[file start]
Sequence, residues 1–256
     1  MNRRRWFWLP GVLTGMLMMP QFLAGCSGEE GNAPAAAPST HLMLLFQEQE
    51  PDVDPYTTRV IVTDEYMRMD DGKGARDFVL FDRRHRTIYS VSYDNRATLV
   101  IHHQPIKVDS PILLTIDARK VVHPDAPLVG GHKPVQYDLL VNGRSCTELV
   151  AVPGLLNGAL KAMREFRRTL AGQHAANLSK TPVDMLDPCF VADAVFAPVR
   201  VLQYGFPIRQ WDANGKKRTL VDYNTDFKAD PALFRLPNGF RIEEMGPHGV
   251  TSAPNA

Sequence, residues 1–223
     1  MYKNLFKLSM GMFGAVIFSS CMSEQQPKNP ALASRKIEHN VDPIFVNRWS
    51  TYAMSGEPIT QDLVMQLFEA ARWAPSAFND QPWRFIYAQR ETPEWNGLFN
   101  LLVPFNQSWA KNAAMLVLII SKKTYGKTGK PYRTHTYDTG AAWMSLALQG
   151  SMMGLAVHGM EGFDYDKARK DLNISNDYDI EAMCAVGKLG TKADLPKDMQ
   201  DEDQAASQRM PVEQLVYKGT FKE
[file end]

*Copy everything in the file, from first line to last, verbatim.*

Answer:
Sequence, residues 1–256
     1  MNRRRWFWLP GVLTGMLMMP QFLAGCSGEE GNAPAAAPST HLMLLFQEQE
    51  PDVDPYTTRV IVTDEYMRMD DGKGARDFVL FDRRHRTIYS VSYDNRATLV
   101  IHHQPIKVDS PILLTIDARK VVHPDAPLVG GHKPVQYDLL VNGRSCTELV
   151  AVPGLLNGAL KAMREFRRTL AGQHAANLSK TPVDMLDPCF VADAVFAPVR
   201  VLQYGFPIRQ WDANGKKRTL VDYNTDFKAD PALFRLPNGF RIEEMGPHGV
   251  TSAPNA

Sequence, residues 1–223
     1  MYKNLFKLSM GMFGAVIFSS CMSEQQPKNP ALASRKIEHN VDPIFVNRWS
    51  TYAMSGEPIT QDLVMQLFEA ARWAPSAFND QPWRFIYAQR ETPEWNGLFN
   101  LLVPFNQSWA KNAAMLVLII SKKTYGKTGK PYRTHTYDTG AAWMSLALQG
   151  SMMGLAVHGM EGFDYDKARK DLNISNDYDI EAMCAVGKLG TKADLPKDMQ
   201  DEDQAASQRM PVEQLVYKGT FKE